I volunteer at a local counseling center fielding phone calls of those who are lonely, in crisis, mentally ill, and hurting four hours a weekend. With each phone call, adrenaline might rush, the right words from our extensive training might be recalled, and a heart might break (and it is usually mine).
Saturday, for 20 minutes, I spoke with a mother. This mother was grieving the loss of a close relationship with her only child, a daughter. She explained to me that her daughter was grown and the physical and emotional distance between them that had been constructed was devastating. Crying through much of our conversation, she didn’t know what she’d done wrong; she felt isolated and deserted; she felt betrayed after giving so much of herself to raise her daughter alone only to find herself abandoned in return.
I empathized and she thanked me for caring. She spoke words of appreciation for my sensitive kindness and warm voice; she felt understood. The thing was, my empathy was not only due to my counseling training, I do understand how devastating the distance between a mother and daughter feels. I just feel it from the opposite direction.
While she cried out for the reasons her daughter no longer spent time with her, I wondered if my own mother felt the same way. When she spoke of the sacrifices she made raising her child, I thought about my life from my mother’s perspective; of the price of my childhood for which I may not be aware, or sacrifices long forgotten because they were not my own. If the hurtful things we see in others are reflections of our own troubling habits, I need to let it go.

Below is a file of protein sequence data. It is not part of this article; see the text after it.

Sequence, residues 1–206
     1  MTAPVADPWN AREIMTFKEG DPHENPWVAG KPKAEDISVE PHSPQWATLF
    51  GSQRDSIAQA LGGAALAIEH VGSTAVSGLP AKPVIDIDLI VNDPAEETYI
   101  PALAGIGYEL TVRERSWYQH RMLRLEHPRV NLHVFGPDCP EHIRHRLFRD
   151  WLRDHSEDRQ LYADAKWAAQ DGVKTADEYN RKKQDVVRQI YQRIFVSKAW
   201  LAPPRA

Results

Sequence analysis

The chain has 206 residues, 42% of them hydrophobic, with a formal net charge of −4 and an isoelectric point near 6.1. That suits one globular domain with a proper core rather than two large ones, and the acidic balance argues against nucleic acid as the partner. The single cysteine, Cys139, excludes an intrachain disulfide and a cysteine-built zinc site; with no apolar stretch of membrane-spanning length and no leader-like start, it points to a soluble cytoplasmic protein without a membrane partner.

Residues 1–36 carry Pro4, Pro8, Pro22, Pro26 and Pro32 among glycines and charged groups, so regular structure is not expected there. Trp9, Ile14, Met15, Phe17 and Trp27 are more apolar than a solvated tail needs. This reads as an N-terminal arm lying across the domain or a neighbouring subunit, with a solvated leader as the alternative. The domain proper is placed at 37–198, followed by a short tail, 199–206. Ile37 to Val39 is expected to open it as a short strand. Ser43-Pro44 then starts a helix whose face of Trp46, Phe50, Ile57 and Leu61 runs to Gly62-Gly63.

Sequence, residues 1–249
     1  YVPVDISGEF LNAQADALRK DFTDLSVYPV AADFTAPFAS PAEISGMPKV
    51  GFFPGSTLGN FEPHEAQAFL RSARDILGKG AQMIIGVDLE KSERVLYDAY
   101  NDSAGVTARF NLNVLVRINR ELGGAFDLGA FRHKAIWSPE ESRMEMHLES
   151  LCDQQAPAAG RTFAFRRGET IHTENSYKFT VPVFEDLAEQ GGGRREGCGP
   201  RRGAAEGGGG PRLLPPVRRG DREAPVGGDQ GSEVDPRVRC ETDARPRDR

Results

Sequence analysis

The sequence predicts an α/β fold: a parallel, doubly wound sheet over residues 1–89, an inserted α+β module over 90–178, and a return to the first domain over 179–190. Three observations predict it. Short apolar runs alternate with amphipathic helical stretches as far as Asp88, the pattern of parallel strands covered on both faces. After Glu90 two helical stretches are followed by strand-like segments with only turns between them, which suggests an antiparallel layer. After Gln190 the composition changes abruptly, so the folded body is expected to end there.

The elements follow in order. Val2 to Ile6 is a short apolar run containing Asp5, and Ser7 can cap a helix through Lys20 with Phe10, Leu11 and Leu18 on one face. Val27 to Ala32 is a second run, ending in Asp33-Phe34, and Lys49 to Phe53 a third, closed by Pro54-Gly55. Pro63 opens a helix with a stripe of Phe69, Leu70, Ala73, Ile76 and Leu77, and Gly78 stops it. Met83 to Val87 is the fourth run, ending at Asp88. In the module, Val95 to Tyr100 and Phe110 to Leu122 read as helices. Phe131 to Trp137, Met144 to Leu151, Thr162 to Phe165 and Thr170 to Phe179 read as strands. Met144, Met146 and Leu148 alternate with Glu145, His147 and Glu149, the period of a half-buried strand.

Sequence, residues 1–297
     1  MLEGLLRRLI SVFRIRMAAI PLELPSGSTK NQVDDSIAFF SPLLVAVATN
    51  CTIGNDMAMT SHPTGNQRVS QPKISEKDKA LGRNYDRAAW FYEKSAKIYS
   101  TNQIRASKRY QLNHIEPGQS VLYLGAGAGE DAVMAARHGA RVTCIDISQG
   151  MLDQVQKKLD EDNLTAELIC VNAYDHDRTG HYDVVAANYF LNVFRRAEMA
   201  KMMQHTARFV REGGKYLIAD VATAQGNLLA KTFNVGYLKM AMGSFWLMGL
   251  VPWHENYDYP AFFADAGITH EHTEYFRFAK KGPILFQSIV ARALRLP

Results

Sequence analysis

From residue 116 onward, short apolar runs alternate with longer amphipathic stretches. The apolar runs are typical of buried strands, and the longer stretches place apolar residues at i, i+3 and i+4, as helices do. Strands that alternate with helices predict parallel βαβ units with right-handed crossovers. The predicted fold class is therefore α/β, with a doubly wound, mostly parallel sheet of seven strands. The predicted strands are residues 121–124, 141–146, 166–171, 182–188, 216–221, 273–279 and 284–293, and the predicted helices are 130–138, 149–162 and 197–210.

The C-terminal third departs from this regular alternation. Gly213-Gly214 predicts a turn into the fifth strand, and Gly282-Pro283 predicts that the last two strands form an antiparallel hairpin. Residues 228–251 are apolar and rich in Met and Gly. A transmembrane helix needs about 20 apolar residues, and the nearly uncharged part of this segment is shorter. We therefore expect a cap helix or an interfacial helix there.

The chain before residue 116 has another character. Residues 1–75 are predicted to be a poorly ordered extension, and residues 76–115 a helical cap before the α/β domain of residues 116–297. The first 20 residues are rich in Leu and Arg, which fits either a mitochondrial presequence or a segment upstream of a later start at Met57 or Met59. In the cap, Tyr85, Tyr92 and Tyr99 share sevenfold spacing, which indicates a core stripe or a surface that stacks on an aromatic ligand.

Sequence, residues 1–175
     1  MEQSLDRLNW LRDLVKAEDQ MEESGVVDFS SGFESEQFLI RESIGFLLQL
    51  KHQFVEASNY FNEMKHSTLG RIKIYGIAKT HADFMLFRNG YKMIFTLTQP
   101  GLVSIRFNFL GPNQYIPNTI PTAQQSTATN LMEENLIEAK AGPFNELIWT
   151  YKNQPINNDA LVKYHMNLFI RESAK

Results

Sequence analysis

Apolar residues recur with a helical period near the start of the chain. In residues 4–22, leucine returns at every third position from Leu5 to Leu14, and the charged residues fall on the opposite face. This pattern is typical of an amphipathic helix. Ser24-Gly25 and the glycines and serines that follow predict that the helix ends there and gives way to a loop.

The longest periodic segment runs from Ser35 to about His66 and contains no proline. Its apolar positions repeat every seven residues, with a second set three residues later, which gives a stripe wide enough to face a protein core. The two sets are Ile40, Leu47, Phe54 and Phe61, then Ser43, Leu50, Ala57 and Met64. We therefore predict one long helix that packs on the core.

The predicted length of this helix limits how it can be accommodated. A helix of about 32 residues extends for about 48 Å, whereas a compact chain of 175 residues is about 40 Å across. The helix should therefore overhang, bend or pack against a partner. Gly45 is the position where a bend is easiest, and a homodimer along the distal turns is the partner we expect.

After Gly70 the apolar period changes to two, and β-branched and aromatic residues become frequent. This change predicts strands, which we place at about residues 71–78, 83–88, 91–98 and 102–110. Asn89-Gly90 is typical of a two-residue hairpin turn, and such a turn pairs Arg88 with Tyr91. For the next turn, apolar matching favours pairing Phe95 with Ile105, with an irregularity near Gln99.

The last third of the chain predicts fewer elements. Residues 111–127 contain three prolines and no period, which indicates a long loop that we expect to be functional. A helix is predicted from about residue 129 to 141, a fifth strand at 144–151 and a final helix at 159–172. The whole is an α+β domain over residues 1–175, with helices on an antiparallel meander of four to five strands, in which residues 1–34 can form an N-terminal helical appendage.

Has my mother ever noticed my kindness, or seen my sensitivity as anything but an unrealistic burden to carry through life? Will we have a connection that we will have the privilege to mourn the loss of someday? Will she learn to like me? Will she ever be proud of the woman I’ve become?
As our conversation started ending, she asked me, “How old is your mother? I she still alive? Are you close?” And I answered that no, we’re not close. She replied, “I’ll pray for your mother and I’ll pray for you.” I thanked her, wished her my best and encouraged her to reach out any time.
And then, my thoughts became, I know I have a lot of forgiving to do. Please don’t let the most prominent thing I inherit be stubbornness. Who do I want to be? Am I proud of the woman I’ve become?
I have work to do.
And I hung up wondering which of us did the best job counseling.